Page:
I know, I know – school may not even be out yet, but I don’t want you to spend your whole break prepping lessons for after winter break. So here you go. I’ve done the work of planning for preschool for you. These winter activities preschool classes will love are fun and engaging, and when you match them with winter-themed picture books, you’ll be all set. I don’t just match books with activities to make planning easier; I do it because learning is deeper when children build on prior knowledge and experience. Reading books or doing hands-on activities absolutely counts as prior experience.
Great Winter Books and Matching Activities For Preschool
To check out the full reviews of the books listed, check out my suggested winter books for preschool.
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Read The Mitten by Jan Brett and then do this rhyming activity to match this classic book.
Read Poles Apart by Jeanne Willis and then compare penguins and polar bears in a whole different way using unifix cubes!
Read Jack Frost by Kazuno Kohara and then make this arctic ice sensory bin. This has been a winter staple in my house and classroom for years. It doesn’t just focus on hands-on play but is also a great STEM activity exploring habitats and oral language with storytelling that happens naturally.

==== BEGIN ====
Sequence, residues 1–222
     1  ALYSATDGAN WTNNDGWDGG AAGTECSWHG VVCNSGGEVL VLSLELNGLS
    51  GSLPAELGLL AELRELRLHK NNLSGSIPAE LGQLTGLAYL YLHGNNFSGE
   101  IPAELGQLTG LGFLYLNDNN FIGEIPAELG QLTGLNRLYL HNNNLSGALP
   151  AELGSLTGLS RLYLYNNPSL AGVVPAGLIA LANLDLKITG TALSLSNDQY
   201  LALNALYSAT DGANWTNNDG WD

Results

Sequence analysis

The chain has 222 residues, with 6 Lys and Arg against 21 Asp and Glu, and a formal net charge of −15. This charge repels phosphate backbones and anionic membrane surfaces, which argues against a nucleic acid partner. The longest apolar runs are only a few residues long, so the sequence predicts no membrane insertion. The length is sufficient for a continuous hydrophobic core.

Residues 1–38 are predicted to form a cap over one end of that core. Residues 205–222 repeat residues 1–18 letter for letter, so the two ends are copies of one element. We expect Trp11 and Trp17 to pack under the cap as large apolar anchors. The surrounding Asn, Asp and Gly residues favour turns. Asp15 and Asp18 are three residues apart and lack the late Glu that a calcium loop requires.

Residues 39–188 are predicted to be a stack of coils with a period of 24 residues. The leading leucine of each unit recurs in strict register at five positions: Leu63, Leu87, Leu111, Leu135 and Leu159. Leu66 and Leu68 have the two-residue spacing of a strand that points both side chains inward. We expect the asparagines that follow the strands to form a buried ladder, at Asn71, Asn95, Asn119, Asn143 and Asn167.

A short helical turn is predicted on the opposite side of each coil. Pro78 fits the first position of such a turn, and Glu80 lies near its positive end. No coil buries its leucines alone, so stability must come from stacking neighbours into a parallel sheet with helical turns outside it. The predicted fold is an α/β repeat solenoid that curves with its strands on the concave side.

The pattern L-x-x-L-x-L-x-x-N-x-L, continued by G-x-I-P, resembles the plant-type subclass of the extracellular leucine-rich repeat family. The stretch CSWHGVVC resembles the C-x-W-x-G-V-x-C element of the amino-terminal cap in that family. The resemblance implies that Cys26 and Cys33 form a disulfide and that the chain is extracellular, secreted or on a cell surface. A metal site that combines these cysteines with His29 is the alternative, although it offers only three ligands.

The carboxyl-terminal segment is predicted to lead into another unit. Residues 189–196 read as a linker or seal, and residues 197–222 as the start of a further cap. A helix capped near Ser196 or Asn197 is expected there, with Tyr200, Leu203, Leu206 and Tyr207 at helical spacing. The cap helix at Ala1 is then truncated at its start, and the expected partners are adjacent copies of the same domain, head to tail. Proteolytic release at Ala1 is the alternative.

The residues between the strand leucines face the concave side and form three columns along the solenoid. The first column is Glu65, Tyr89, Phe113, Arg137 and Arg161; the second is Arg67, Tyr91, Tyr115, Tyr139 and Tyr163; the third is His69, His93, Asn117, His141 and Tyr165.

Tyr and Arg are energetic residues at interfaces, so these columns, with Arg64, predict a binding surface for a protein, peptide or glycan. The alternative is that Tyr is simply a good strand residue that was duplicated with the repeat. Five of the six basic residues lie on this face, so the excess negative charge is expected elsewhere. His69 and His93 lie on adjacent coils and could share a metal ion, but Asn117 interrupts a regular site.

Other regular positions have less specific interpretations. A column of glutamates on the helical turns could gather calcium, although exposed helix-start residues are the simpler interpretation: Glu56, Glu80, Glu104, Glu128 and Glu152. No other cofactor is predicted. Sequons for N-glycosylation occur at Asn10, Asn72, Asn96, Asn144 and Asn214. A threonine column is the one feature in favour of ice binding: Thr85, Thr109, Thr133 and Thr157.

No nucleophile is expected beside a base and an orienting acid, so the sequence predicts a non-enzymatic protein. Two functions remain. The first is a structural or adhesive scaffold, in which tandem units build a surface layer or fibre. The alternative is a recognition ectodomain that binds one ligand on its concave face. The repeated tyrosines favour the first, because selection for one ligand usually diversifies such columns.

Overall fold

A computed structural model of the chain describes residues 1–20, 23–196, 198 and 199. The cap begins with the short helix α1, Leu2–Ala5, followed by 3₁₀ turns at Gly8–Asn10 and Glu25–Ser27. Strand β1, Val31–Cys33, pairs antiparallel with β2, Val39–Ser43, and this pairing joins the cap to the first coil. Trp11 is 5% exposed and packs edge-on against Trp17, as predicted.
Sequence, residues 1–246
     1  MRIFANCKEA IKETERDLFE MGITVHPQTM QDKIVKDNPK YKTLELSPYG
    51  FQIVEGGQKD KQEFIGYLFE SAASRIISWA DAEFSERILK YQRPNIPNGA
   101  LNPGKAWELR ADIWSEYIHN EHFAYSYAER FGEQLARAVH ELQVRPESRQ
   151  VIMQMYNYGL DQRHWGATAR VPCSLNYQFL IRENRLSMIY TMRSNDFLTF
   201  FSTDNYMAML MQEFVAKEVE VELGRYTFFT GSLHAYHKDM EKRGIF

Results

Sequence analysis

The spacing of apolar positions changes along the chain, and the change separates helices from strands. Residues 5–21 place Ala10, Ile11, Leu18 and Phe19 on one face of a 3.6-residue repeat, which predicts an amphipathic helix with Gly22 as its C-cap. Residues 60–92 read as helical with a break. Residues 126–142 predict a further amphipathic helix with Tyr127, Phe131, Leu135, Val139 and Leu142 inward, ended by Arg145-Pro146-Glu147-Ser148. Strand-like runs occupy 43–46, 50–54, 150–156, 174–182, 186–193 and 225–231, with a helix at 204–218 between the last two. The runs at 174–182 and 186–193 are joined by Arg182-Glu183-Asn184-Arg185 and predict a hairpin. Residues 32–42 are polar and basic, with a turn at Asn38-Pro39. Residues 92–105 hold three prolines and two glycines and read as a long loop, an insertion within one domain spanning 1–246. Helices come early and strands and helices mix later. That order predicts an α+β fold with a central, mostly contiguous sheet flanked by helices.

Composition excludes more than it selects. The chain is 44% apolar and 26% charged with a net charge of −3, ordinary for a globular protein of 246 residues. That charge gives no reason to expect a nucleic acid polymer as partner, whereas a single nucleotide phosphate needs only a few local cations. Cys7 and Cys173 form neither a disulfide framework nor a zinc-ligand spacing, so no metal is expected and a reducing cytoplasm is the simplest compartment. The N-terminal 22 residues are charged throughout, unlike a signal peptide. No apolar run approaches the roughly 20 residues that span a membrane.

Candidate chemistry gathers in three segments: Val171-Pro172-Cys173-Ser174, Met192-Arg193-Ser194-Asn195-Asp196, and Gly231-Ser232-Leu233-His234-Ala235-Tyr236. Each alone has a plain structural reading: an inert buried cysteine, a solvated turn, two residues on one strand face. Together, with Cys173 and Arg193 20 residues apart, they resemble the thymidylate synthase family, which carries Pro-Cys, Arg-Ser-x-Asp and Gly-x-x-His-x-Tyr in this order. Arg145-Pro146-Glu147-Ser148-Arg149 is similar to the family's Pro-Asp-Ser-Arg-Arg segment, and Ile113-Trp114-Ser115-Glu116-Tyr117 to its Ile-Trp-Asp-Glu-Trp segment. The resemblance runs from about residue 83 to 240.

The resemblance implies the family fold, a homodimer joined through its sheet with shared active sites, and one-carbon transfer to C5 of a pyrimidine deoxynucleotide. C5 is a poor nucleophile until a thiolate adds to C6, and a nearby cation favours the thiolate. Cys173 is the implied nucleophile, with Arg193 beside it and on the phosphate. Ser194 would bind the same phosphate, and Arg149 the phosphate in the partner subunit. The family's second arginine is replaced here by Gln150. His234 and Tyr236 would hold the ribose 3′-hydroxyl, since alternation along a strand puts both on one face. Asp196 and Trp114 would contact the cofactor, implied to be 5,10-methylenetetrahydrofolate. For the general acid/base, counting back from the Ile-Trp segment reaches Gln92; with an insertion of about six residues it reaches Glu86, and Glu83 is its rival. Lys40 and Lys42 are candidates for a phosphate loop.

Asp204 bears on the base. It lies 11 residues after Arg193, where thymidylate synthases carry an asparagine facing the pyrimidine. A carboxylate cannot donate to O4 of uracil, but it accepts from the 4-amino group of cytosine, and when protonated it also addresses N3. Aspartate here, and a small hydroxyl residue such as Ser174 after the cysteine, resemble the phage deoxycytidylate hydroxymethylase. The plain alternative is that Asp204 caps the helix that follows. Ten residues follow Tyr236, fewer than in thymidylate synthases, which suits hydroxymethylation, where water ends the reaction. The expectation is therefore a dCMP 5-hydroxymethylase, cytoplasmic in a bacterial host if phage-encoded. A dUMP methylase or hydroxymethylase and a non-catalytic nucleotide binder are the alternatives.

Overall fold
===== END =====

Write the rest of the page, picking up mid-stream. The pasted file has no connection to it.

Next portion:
Read the classic The Snowy Day by Ezra Jack Keats and explore footprints in the snow with play dough.
Read The Hat by Jan Brett and then do this lesson plan with group circle time activity and craft.
This circle time lesson to go with Ten On A Sled by Kim Norman is a favorite every year. See the full how-to here
Read Polar Bear Island by Lindsay Bonilla and create this shape snowflake craft as a group or during free choice.
Read Snowmen At Work by Caralyn Buehner and Mark Buehner, and then do this circle time activity.
Read Time To Sleep by Denise Fleming and then explore animal habitats with this STEM activity. You can winterize it with some cotton balls!
Read Snow Bear by Piers Harper and then explore painting with snow! If you don’t have snow in your area you can use ice instead.
Read Winter Is Here by Kevin Henkes and follow it up with this Melted Snowman Craft – I don’t have a post for this popular winter craft for preschoolers. It’s so easy. Just make the shaving cream puffy paint from this post and add foam snowman parts. Toddlers LOVE this craft.
Read Snow Sounds: An Onomatopoeic Story by David A. Johnson and then explore sounds with Painting With Sound.
Read Snow Party by Harriet Ziefert and make my absolute favorite snowman craft ever – the marshmallow snowman. You can use cotton balls or buttons if you don’t want to use food.
Read Snowmen at Night by Caralyn and Mark Buehner and then sort photographs of nighttime vs. daytime. This is a great toddler activity and a bonus if you use photos of your students in the lesson!
Read Snow Snow Snow! by Lee Harper, and then create these simple snowman crafts!
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